There seems to be some question about where “AA” will be playing in 2019-20? He is eligible to suit up for Providence, but he was also drafted by Moncton (QMJHL) 30th overall in the 2019 CHL Import Draft. Recent news seems to indicate that he will play there and get big minutes for a good Junior team. The only way this may change is if McAvoy and Carlo hold out, which would likely open Top Four spots in Providence. I don’t think the Bruins can go wrong either way, as long as Andersson is getting the time on ice he needs to progress. The situation on the Bruins blueline is a fluid one at the moment, but if everyone is signed, I see the defense pairs like this to start the season:

Chara-McAvoy

Krug-Carlo

Grzelcyk-Miller/Clifton

Kampfer

That alignment would give the Bruins a puck-mover and a strong defensive presence on each pair, which I believe is the proper way to go. In the past few years, the Bruins have been bitten hard by the injury bug on the back end. If everyone is in camp, the team should be well-positioned to handle the inevitable injuries. If there are holdouts, the organization’s depth on defense could be tested right out of the gate.

Check out the Black N’ Gold Hockey Podcast episode 142 that we recorded on 8-25-19 below! You can find our show on many worldwide platforms such as Apple Podcasts, Google Podcasts, iHeart Radio, Spotify, SoundCloud, and Stitcher.

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Bruins Report: Contract Discussions With Carlo, McAvoy Are “Stalled”

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PHOTO CREDITS: (Russell LaBounty-USA TODAY Sports)

By: Max Mainville | Check me out on Twitter @tkdmaxbjj 

According to an article by NHL.com writer Mike Battalingo, Boston’s contract discussions involving restricted free-agent defensemen Charlie McAvoy and Brandon Carlo “remain stalled” in the latest update.

The two defensemen have been the biggest talking points of the Bruins offseason, especially in the fanbase as both play a crucial role on the blueline of the defending Eastern Conference Champions. In an interview with BostonBruins.com, General Manager Don Sweeney gave some light to a topic largely filled with darkness in terms of details released on contract negotiations.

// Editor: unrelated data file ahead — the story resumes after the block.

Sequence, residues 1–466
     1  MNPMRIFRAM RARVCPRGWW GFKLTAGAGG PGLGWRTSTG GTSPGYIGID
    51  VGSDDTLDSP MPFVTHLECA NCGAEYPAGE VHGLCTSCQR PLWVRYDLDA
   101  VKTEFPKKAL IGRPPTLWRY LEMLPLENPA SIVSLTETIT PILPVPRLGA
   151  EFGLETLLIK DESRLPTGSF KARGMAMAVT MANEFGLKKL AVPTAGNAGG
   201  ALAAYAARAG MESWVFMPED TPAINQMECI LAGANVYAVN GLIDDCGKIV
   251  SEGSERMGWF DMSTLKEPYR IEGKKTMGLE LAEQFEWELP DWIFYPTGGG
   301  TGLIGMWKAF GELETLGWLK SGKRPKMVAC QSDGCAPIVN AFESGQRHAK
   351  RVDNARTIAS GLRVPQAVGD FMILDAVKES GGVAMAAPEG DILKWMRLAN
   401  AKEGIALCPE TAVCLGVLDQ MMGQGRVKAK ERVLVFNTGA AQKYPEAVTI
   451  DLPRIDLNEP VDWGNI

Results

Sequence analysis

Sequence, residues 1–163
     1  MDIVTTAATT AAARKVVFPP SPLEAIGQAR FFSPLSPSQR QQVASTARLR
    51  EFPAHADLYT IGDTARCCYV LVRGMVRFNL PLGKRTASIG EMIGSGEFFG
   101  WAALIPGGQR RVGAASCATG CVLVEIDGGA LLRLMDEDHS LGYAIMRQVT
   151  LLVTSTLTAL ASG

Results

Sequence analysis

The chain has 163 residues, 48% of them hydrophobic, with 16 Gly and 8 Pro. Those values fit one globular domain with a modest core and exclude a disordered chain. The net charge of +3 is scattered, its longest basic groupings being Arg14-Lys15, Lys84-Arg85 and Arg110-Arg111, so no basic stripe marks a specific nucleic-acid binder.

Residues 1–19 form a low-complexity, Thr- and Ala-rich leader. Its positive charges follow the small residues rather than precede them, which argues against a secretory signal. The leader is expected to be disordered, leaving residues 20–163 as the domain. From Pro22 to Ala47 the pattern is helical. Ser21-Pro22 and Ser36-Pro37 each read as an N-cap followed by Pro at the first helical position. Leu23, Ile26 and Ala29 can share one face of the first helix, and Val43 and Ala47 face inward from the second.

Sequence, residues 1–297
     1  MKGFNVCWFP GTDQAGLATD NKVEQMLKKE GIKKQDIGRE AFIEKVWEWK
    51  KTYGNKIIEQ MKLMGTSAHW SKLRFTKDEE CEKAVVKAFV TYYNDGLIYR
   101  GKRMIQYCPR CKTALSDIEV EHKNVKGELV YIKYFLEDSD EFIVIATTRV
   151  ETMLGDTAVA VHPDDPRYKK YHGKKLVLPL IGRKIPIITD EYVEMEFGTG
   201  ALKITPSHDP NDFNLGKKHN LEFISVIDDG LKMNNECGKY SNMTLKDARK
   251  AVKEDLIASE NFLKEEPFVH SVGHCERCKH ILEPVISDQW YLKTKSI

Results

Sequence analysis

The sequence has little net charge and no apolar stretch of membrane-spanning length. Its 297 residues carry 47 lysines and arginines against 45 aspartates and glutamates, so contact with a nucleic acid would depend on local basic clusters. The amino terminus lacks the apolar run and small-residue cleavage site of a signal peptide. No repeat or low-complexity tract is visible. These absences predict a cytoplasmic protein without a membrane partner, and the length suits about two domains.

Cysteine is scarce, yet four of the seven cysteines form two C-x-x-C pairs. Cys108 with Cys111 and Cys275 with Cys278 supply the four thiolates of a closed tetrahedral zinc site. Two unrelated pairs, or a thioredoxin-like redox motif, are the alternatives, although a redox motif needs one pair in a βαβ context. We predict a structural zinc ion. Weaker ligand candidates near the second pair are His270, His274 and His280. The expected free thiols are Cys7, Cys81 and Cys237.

“But that’s just the nature of the business, and every negotiation has its own timeline,” Sweeney told the Bruins website Thursday. “We’ll find a finish line at some point in time, Brandon and Charlie will be part of our organization for a long time. We think really highly of them as players on and off the ice, we just have to find a common ground and we’re working to get there.” (quote was taken from NHL.com)

Following their Stanley Cup Finals run that ended just one game short of winning it all, the Bruins knew that the offseason was going to be an important one regarding the extensions of key RFAs in the system. On July 9th, GM Don Sweeney managed to lock up forward Danton Heinen to a two-year, $5.6 million contract ($2.8 million AAV), leaving only Carlo and McAvoy left to prioritize.

Charlie McAvoy was the 14th overall pick in the 2016 NHL Entry Draft by the Bruins and has since become a top-two defenceman alongside captain Zdeno Chara. McAvoy started his NHL career in the 2017-18 campaign, recording 7-25-32 numbers in 63 games played that season with another five points in 12 playoff games.